Water for food in Palestine

20 July 2009 | News story

Without water, there would be no food. Nowhere is this more clearly demonstrated than in Marj Sanour in Palestine, which has been forced to look elsewhere for food as water shortages mean crops cannot be easily cultivated locally.

What’s the problem?

Palestine is now on the “Watch List” of countries identified by the World Food Programme due to the impact high food prices are having on the country.

The price rises mean that Palestinian households are now spending up to 60 percent of their monthly incomes on food, a massive rise from the 36 percent rate recorded by the Palestinian Central Bureau of Statistics in 2004.

Many households are coping by reducing the quality, quantity and diversity of food consumed. Their ability to absorb economic shocks by growing their own food has been seriously compromised by land confiscation, movement restrictions and lack of access to water.

The REWARD Programme is working in Marj Sanour, a closed watershed in Jenin Governorate. The project is being implemented by the IUCN REWARD Project office in Palestine with the Palestine Hydrology Group and the Union of Agricultural Work Committees.

How is food security threatened?

Formerly, a high percentage of food was grown and bought in villages in Marj Sanour, but local production systems have deteriorated due to limited access to water.

As a result, up to 76 percent of food is now sourced from outside the villages, making them highly dependent on external markets, and thus, highly susceptible to food price rises. At the same time, the high increase in water prices has strongly limited the amount that families can spend on other basic necessities, such as food.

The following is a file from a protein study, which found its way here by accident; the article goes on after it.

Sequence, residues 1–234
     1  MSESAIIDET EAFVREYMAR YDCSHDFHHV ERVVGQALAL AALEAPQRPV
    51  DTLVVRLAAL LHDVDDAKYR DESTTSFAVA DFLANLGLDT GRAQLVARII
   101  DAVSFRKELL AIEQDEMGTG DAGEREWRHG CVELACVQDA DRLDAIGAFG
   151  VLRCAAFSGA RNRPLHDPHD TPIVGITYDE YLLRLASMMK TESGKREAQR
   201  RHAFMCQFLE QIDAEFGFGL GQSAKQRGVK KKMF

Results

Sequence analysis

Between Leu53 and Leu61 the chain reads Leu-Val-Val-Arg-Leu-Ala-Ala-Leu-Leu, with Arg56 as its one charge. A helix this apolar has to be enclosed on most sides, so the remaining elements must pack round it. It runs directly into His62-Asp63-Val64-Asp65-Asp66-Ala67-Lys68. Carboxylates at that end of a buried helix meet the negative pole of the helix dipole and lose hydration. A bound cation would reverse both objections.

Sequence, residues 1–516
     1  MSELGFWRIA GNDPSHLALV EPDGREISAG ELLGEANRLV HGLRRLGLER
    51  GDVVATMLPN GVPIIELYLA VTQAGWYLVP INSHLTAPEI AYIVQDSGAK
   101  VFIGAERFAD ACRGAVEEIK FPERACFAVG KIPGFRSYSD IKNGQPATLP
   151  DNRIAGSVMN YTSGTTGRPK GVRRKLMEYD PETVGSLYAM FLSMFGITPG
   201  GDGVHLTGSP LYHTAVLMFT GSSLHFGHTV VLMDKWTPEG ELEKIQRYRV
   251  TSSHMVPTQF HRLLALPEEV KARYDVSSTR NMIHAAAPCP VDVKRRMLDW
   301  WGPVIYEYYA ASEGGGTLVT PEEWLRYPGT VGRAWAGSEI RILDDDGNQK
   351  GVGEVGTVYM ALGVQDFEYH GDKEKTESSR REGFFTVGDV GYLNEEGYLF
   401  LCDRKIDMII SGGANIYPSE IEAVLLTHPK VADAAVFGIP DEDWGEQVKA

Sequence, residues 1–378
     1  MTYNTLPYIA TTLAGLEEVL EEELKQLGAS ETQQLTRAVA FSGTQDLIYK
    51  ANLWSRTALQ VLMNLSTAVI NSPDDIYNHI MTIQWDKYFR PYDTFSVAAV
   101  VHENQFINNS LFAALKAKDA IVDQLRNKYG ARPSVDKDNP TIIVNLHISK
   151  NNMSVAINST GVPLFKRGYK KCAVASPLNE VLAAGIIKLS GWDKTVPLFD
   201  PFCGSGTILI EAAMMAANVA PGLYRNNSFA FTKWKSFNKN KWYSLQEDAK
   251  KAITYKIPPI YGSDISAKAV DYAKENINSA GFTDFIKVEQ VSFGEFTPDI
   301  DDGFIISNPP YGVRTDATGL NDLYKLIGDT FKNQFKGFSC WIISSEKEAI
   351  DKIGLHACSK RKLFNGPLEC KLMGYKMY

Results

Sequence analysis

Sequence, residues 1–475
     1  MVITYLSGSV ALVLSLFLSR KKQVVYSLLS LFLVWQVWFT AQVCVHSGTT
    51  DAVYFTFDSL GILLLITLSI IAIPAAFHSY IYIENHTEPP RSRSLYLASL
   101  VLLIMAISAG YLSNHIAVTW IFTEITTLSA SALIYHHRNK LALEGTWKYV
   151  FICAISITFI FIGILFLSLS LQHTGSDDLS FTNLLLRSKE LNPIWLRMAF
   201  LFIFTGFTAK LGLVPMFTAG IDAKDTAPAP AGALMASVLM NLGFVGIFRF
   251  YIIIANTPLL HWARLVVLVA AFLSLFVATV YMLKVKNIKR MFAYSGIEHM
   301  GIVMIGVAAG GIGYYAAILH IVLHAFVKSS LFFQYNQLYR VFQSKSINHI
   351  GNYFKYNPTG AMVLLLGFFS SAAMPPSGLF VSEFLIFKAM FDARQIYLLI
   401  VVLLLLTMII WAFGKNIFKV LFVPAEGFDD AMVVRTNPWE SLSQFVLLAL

Water shortages have led to a reliance on adjacent springs and wells and cisterns, many of which are contaminated, and water tankers. Already high, the price of tankered water is affected by changes in the price of fuel.

These water shortages mean families can’t cultivate vegetables and fruits to support their subsistence needs. If the local population was able to do this, they would not only be able to ensure a stable and diverse diet for their families, but they would also be able to free up income now devoted to expenditure on food and channel it towards other means.

What’s the solution?

One of the main targets of the REWARD Programme is to improve the productivity of agricultural land by making sure more surface run-off water is captured.

Virtually all of the households surveyed had access to sufficient amounts of land for small-scale agriculture, but they were unable to cultivate it properly because of hilly landscapes, flooding, and the high cost of water.

According to several previous studies conducted in the West Bank, floodwater has a reliable potential here as a water resource. Water harvesting would decrease water runoff and increase soil retention, improving the productivity of cultivated crops.